What Is Bid Sniping, and is eBay a Real Auction?

November 28, 2011

So what is bid sniping you might ask? For those who buy regularly on online websites such as eBay, you are probably familiar with this term. For those who are not, I will explain.

When the bidding for an item is scheduled to end at a specific time, many bidders will wait until the last few seconds before the time expires, and place their high bid in an attempt to be the winning bidder. This leaves the previous high bidder little or no time to increase their bid before the clock expires. The result is the new high bidder winning the item with less opportunity for competition. There are even programs available to facilitate this bidding strategy for the sniper.

Some would call this a race to see who can win the item for the least amount at the last second. In most cases we would argue that the seller has lost opportunity for true market value to be achieved as the clock determined the end of the transaction, and not true competitive bidding.

So to answer the question, does it work? I would say it works well for savvy buyers. I am not sure the sellers would agree that it works for them. It also doesn’t work well for buyers who are unfamiliar with the process and lose out on an item they would have been willing to pay more for, but were caught off guard due to this practice.

This is one reason you could argue that eBay is not a true auction. In contrast, online auctions conducted by professional auction companies will utilize an extended bidding feature that minimizes this bidding strategy.

Extended bidding works by allowing the auction company to set a predetermined time the bidding will extend on an item if someone places a bid in the last minutes or seconds of that item closing. The increment will vary from company to company, but it is not uncommon to see anywhere from 5 to 15 minute bidding extensions.

How it works: If the extended bidding feature is set at 5 minutes, then when a bidder places a bid anytime in the last 5 minutes of the item ending, the bidding will be extended another 5 minutes. This allows time for the bidder who was outbid, to then place another bid if they choose. If they do place a bid, then that item will now extend 5 minutes from that bid as well. This can go on indefinitely, as long as two or more bidders continue to bid.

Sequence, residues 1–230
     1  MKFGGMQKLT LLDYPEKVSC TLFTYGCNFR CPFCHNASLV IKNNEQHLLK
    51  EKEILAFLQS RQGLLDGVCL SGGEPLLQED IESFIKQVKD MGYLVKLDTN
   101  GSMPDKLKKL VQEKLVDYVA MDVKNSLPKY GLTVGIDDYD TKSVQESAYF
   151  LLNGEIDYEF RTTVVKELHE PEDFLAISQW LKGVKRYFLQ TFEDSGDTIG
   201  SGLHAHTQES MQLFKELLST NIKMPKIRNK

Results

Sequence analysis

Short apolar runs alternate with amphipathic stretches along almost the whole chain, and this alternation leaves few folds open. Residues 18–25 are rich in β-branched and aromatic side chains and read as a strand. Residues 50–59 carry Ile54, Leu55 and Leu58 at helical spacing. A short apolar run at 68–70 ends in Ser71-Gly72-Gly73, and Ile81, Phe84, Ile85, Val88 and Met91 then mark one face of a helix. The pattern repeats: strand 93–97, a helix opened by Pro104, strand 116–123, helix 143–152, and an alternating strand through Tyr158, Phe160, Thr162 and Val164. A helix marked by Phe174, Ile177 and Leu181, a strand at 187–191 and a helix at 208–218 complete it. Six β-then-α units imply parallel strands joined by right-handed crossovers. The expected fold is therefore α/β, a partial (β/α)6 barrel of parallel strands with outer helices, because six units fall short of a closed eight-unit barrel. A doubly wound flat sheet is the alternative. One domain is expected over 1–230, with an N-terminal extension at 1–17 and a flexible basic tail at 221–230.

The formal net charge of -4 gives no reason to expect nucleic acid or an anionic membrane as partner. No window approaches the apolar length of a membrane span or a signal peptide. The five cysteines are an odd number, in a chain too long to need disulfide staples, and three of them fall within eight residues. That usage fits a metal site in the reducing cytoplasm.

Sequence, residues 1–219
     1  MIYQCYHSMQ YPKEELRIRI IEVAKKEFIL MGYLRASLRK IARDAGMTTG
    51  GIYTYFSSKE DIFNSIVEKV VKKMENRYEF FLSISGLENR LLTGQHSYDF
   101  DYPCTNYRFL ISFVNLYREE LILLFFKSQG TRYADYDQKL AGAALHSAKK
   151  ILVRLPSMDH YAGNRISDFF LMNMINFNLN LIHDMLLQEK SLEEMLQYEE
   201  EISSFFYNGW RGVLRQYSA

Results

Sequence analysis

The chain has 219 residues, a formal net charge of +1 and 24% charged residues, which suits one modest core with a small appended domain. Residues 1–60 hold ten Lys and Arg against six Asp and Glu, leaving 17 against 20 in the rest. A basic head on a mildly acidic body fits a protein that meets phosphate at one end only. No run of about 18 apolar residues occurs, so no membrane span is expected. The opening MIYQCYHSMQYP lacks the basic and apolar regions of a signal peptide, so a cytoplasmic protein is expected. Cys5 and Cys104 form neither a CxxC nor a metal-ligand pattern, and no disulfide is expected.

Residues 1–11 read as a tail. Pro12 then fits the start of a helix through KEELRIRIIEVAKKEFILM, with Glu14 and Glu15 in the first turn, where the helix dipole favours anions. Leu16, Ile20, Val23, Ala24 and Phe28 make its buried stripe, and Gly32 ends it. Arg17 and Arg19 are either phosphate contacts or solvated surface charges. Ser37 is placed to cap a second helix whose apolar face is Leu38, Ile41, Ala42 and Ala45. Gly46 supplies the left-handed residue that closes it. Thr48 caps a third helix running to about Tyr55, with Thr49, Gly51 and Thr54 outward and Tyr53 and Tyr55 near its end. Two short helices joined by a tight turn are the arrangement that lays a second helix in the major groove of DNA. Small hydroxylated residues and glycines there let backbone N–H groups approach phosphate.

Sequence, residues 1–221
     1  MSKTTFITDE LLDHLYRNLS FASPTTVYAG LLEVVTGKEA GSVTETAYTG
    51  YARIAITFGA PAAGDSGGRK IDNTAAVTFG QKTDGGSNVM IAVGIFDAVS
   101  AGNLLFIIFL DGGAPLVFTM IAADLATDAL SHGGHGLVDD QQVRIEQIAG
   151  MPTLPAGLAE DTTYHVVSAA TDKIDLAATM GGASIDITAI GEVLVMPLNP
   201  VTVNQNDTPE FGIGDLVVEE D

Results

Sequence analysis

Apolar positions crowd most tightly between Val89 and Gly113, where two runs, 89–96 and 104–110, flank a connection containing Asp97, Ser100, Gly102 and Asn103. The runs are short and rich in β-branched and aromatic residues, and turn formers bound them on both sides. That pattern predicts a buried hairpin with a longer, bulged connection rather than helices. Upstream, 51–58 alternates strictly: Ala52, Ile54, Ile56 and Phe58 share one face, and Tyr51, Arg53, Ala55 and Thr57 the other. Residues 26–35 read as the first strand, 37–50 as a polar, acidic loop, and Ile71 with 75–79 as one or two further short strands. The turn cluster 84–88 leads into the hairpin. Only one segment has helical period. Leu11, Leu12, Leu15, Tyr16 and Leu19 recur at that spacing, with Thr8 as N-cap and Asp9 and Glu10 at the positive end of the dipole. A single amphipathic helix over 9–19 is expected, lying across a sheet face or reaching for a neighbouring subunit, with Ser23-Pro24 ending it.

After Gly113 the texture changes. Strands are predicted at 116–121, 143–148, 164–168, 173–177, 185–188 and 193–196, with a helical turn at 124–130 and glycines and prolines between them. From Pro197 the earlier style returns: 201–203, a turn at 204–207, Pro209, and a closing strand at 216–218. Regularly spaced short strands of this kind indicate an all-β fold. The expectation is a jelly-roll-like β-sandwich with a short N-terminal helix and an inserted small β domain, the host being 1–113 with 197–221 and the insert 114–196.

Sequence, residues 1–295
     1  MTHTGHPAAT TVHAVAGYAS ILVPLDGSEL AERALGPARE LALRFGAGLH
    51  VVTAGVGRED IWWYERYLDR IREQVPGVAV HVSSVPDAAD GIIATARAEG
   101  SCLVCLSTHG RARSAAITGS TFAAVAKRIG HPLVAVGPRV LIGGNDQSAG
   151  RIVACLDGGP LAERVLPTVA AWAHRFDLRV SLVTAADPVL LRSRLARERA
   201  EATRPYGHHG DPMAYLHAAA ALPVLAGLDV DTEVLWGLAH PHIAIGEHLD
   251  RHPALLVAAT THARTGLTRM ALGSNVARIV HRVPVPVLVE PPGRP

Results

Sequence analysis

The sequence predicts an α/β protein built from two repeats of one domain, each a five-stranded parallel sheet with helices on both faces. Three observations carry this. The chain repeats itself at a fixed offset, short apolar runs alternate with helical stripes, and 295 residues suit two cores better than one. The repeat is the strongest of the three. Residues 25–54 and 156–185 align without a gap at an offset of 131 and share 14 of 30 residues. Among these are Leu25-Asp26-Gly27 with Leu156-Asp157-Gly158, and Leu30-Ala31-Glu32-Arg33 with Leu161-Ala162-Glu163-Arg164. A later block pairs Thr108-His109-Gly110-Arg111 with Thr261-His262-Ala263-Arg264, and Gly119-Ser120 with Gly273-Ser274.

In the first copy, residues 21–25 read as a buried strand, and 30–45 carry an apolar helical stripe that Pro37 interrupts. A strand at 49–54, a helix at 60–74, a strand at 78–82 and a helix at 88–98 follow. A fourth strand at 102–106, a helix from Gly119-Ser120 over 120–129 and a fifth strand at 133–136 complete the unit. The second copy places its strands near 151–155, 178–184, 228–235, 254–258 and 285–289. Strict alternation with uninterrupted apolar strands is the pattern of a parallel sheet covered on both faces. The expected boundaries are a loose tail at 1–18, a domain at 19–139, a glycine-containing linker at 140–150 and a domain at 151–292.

When extended bidding is used, bidders are not able to take advantage of the bid sniping strategy. In addition, competitive bidding is utilized in a manner that better serves the seller, as well as buyers who want to know that they had every opportunity to bid and purchase the item at their price.

Do you buy items via online auctions that allow extended bidding? Does this affect your bidding strategy or have any impact on when you place your bid? Please share your thoughts on this topic.

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10 Myths Of Real Estate Auctions – Myth 8

August 23, 2011

Myth 8 – If I sell my property at auction I will have to give it away.

This is a very common myth and leads to some great discussion regarding market value as well as the different types of real estate auctions.

First let’s talk about market value. There are many ways to talk about the value of something. We have book value, appraised value, replacement value, etc.

My definition of market value is, “Something is worth what someone is willing to pay for it on a given day.”

As a professional auctioneer, it’s my job to market property and bring all potential buyers to the auction event on that given day. In the end, the competitive bidding process will ensure that the buyer who was willing to pay the most is given the opportunity to do so.

If we line up 10 people and ask them the value of the stapler sitting on the desk in front of you, we are going to get ten different answers. At the end of the day, the value of that stapler is whatever buyer number 9 made buyer number 10 bid in order to secure the purchase.

Now let’s talk about the different ways to sell. There are many variations, but the 3 basic ways to sell are;

Absolute: The property sells regardless of price.

Minimum Published Bid: The property sells at or above a published minimum amount.

Undisclosed Reserve: The property sells subject to owner confirmation and the reserve is not known.

There is a lot more we can talk about here, but it is safe to say that when you sell your property at auction, you are not giving it away.


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